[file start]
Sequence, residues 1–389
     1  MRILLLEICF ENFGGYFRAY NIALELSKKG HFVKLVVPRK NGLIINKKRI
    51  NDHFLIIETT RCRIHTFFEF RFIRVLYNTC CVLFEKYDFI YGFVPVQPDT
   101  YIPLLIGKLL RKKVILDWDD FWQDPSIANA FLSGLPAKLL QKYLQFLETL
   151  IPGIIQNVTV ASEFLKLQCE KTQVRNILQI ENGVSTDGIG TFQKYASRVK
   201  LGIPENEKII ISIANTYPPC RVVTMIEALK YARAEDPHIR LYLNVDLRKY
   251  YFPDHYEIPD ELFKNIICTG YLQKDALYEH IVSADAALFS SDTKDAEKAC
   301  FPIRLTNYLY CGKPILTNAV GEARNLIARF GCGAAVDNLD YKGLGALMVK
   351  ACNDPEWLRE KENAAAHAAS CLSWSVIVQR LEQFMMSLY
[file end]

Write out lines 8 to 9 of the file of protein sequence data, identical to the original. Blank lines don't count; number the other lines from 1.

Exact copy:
   301  FPIRLTNYLY CGKPILTNAV GEARNLIARF GCGAAVDNLD YKGLGALMVK
   351  ACNDPEWLRE KENAAAHAAS CLSWSVIVQR LEQFMMSLY